In any very large endeavor—as is the exploration of Christian origins—from time to time an intellectual synthesis is required, one that attempts to pull together various lines of research. Without such a synthesis, the world of early Christian studies quickly becomes a bewildering quagmire, with myriad disparate elements and little overall unity. So, I’d like to provide my personal synthesis regarding a critical text: the Gospel of Mark. This will take the form of a series of posts—one post for each of the sixteen chapters of that gospel. Recognizing that I may well be quite wrong in this venture, I candidly call it an “experiment.” Some assumptions After many generations of dealing with the Synoptic Problem, the overwhelming conclusion of … Continue reading

Part 3—A revolution in the Synoptic Problem

[NOTE: This is a significant revision. The original post has been archived here. — R.S.] The so-called Synoptic Problem can be defined as the search for the literary and redactional relationship between the three (obviously) extensively related “synoptic” gospels—Mark, Matthew, and Luke. Majority opinion has long favored the “two source theory”: Matthew and Luke primarily drew on Mark, and they also drew on a saying source not available to Mark known as “Q” (German abbreviation for Quelle, “source”). However, ongoing disagreements among New Testament scholars show that the two source theory is not satisfactory to many. Perhaps the biggest sticking point is that the Q source is entirely hypothetical. Despite a veritable library that has now been written about it … Continue reading

Questioning the “Gospel of Marcion”—Pt. 6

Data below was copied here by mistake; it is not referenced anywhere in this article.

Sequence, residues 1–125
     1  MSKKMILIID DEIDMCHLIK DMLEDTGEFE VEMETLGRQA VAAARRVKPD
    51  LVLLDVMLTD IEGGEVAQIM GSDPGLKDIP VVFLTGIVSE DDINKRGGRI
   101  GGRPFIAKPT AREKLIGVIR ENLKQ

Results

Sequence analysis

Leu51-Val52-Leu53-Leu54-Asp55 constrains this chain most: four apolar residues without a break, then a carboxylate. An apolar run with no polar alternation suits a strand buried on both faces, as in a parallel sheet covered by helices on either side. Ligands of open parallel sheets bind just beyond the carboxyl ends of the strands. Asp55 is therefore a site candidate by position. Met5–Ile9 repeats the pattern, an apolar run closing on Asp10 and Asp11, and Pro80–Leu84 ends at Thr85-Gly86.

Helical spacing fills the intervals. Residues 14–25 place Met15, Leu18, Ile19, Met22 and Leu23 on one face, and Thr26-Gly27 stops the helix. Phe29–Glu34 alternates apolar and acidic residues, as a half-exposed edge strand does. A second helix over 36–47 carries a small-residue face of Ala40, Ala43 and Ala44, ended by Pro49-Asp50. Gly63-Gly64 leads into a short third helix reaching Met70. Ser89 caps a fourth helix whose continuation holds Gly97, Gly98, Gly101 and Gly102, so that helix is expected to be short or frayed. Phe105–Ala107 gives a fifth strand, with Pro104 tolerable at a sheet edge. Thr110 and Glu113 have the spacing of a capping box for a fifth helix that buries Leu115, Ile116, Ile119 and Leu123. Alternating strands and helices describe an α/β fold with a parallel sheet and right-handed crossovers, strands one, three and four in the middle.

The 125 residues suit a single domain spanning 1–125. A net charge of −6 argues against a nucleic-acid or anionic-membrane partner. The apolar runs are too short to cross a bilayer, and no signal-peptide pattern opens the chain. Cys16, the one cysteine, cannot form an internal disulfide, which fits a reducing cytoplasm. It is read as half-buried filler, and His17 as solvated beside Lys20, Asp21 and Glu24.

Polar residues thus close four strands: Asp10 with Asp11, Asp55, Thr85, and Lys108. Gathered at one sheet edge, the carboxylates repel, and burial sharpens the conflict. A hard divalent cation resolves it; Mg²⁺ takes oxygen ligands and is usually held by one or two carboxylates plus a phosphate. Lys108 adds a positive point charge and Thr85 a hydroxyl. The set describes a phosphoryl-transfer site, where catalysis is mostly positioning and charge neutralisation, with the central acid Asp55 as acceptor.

It is possible to find isolated passages in Tertullian’s lengthy attack on Marcion that can be interpreted as if the Church Father is critiquing a text. One must be wary, however, of translation bias and equivocal words, such as “gospel/evangelium”—so frequent in Tertullian’s writing. That word has long since become synonymous with four well known Christian religious texts, and we have quite forgotten its older, more general meaning (“doctrine”)—prevalent when Tertullian was writing and before the canonical gospels had conquered the western world. Another problem is that modern translations of Tertullian’s writings have been carried out under the false conviction that a text of Marcion was indeed the subject of the Church Father’s attack. The translators themselves use words in … Continue reading

Questioning the “Gospel of Marcion”—Pt. 5

The prior posts in this series have alerted us to the dual meanings of “gospel” in antiquity, and also to the argument—apparently broached here for the first time—that Tertullian (the primary ancient witness to Marcion’s “gospel”) never had a text of the arch-heretic in mind at all. In support of this view one can point to the astonishing fact that in all of Tertullian’s five books Against Marcion (AM), one nowhere encounters a clear citation from a text that we could call the “Gospel of Marcion” (see below). This is damning, for it is impossible that the Church Father would critique a text while never offering a quotation from that text! Who critiques a text without repeatedly citing it? After … Continue reading

Questioning the “Gospel of Marcion”—Pt. 4

We have seen that the word “gospel” (euangelion/evangelium) had the principal meaning “good news, doctrine, teaching” in ancient times. This was certainly the case until the new Christian literary form of gospel as written narrative of Jesus’ sayings and doings became broadly known—that is, until the third century. The dialog furnished in the previous post showed that, still in the fifth century, the general meaning of evangelium far outweighed the textual meaning of the word. With our ability to carefully discriminate the two meanings of “gospel,” we now turn to the principal source used for the textual reconstruction of the alleged Gospel of Marcion. It is Tertullian’s massive opus, Against Marcion, in five books. Book Four is the main source … Continue reading